In 1985 I started The Alpenhorn newspaper and I was the owner for many years. I have a lot of my old newspapers and I enjoy going through them and when I find stories that I think people will be like I put them on my blog. Without a doubt my friend Pete Shaw,who was principle of (then) Running Springs Elementary (now Hoffman Elementary School), sold more papers with his wit than anything else during those years. Fortunately I have several of my newspapers so here is one of his wonderful stories.
“I’ve always admired people who can tune-up cars, fix plumbing and understand electrical wiring. anyone who can remodel or build their own home possesses a gift of genius in my opinion: the miracle of cutting two 4x4s and have them fit neatly together to make a corner borders on the supernatural.
I would love to be able to throw on a carpenter’s apron ,draw my forearm across my mouth (John Wayne style) and stagger away exclaiming, “I think I’ll just add a room or two; see yuh in a couple of days.”
Instead, when I pick up a hammer or saw, the dog immediately puts his tail between his legs and slinks away; the cat takes refuge on the top of the bookcase to watch the show, and my children walk the neighborhood to see if they can find a place to spend the night.
I lack just two qualities to be a genuine handyman; skill and patience. The problem is that I refuse to accept the fact that I’m inept.
My friends in construction always say “Just tear out a wall and you’ll have to learn, there’s nothing to it.”
That advice is tanamount to handing a seven-year-old kid the keys to a Peterbilt and saying,” Just start the engine and put it in gear; everything will work out.”
I tried to hang paneling once. My real disappointment was that molding didn’t come in 2 1/2 ft. widths to cover my multitude of errors. Actually if I could have used the molding on the top and bottom of the wall there would only 3 feet of exposed paneling and 3 feet of molding.
If I ever attempted a remodel it would end up resembling the Winchester House of Mystery.
This past week was a tough one for my ego. The light fixture above the kitchen table expired with a rather spectacular pop and flash one morning as I emerged from the shower. Ignoring caution, I attempted to replace the fried socket by just turning it off at the wall. For reasons I still don’t understand, I became a human conductor; during those brief moments I had great empathy for every insect that ever flew into an electric “bug zapper.” I felt a great sense of relief that I survived; it could have been really ‘tacky’ to be found prone n the kitchen table in my old threadbare terrycloth robe.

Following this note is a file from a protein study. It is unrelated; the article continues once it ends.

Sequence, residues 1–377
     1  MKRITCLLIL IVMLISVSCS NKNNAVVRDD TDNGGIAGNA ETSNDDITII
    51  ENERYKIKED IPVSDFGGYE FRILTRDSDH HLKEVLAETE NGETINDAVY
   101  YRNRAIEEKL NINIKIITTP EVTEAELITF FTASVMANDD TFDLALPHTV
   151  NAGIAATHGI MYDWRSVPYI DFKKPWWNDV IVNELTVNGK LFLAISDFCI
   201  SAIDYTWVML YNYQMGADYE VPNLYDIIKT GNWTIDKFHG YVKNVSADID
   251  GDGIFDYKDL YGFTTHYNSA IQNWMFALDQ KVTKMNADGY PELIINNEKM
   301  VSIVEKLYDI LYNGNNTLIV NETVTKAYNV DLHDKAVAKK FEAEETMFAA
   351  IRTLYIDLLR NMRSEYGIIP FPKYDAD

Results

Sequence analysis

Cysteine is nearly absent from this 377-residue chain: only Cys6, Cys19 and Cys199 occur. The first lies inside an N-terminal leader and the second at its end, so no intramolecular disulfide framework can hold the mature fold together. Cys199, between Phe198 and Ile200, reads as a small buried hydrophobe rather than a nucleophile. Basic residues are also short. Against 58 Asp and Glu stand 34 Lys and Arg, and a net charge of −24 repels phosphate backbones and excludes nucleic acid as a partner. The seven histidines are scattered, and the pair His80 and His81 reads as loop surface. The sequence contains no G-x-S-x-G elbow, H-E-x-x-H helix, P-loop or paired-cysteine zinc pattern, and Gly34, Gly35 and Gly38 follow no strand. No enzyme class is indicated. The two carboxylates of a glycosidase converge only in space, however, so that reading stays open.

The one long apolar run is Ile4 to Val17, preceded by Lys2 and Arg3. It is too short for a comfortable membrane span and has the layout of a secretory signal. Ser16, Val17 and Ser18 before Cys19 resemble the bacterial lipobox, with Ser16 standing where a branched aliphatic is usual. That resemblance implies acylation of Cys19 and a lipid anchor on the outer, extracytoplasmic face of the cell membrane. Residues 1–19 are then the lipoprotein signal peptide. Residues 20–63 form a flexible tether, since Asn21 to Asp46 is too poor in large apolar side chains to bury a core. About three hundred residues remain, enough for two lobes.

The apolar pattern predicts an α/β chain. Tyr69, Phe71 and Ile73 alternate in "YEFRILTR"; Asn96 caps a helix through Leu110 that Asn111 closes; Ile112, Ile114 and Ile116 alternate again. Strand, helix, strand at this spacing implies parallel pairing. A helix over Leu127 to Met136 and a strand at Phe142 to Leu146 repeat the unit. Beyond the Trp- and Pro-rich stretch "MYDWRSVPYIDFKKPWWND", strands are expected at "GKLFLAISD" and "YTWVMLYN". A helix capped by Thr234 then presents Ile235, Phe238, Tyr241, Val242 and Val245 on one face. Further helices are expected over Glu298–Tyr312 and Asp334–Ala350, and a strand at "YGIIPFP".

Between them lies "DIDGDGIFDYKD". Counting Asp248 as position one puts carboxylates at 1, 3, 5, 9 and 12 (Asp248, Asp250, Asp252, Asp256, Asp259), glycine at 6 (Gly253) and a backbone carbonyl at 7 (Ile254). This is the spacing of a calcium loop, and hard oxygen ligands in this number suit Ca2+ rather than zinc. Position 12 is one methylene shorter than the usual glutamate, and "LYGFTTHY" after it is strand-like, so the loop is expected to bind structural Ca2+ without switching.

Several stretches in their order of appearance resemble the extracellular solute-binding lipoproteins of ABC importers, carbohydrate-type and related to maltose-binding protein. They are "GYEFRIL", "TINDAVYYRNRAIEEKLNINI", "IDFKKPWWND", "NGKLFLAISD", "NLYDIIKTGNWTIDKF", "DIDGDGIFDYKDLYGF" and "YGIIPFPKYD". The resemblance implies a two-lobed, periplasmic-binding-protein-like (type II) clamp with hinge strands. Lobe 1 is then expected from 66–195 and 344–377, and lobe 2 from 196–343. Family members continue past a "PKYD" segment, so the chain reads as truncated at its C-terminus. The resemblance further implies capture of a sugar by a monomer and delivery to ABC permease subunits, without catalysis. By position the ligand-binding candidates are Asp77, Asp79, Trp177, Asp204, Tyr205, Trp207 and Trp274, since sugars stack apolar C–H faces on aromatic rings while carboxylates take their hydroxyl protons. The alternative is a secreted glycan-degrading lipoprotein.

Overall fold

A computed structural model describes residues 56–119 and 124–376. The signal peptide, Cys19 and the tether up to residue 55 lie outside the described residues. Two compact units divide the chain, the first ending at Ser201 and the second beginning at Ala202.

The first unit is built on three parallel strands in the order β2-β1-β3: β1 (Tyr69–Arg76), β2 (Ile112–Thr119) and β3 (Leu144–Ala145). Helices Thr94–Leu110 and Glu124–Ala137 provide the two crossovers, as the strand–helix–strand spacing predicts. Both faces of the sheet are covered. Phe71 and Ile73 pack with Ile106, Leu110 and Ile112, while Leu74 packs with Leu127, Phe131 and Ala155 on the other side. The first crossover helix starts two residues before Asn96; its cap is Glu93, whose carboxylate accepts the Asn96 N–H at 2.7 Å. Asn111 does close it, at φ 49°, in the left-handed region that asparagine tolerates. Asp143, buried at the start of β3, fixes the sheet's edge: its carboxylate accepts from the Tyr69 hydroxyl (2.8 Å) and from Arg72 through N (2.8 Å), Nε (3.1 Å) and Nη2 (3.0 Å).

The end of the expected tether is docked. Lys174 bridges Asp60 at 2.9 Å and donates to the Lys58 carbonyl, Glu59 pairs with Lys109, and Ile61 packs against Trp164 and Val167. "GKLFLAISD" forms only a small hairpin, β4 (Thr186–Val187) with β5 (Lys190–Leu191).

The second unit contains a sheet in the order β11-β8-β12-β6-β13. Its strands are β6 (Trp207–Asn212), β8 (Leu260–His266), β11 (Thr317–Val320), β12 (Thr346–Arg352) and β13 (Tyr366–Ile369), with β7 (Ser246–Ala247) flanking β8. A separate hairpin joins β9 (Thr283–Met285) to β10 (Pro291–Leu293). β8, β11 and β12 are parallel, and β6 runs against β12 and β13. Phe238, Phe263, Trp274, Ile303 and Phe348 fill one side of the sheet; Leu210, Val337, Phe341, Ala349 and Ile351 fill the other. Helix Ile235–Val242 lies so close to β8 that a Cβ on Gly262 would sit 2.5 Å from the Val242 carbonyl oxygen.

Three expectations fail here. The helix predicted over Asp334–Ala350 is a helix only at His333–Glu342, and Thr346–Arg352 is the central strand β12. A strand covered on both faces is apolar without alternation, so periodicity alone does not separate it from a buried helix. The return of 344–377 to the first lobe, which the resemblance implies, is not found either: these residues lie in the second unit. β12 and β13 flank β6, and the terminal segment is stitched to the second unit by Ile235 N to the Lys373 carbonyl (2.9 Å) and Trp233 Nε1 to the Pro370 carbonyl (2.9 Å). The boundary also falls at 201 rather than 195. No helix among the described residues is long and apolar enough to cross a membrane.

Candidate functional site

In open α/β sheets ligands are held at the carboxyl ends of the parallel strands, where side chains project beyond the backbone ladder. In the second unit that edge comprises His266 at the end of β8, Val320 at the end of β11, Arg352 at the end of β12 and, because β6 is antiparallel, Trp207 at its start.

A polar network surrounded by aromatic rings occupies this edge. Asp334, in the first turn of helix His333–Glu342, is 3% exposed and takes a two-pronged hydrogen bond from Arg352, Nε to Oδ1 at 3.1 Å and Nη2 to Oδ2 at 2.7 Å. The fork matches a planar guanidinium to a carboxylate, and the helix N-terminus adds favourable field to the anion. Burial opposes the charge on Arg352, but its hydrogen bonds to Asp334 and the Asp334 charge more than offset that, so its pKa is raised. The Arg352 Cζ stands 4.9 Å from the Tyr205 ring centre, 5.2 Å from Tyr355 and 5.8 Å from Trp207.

A day later I decided to set” a new toilet. Notice how I use the jargon? I had watched a plumber install one in our other bathroom a few months earlier and it just didn’t seem that difficult. I journeyed to one of those Astrodome type home supply places and returned with a feeling of misplaced optimism. Thing went swimmingly. I “set” the stool and secured the tank, turned on the water, pulled the handle and “wonder of wonders,” it worked! I was euphoric. The only small flaw was that the top of the tank wasn’t exactly level. Armed with a wrench I squirmed myself on my back into a contorted position beneath the tank and looking up, gave the nut one last half-turn. there was a sickening pop (that’s what porcelin sounds like when it cracks) and immediately drops of water began bouncing off my forehead; soon the drops turned into a steady stream and I realized I had exercised poor judgment once again.
I tried to apply the experience to living in general.When things are fairly flush accept the idea that life just doesn’t function entirely on the level. Most of the time if you try to crank out too much pleasure the fragile existence will crack, leaving a flood of sorrow. Go ahead call it corny; I know it’s not profound but I need to believe I salvaged something from the experience; excuse me, I’ve got to towel off my head.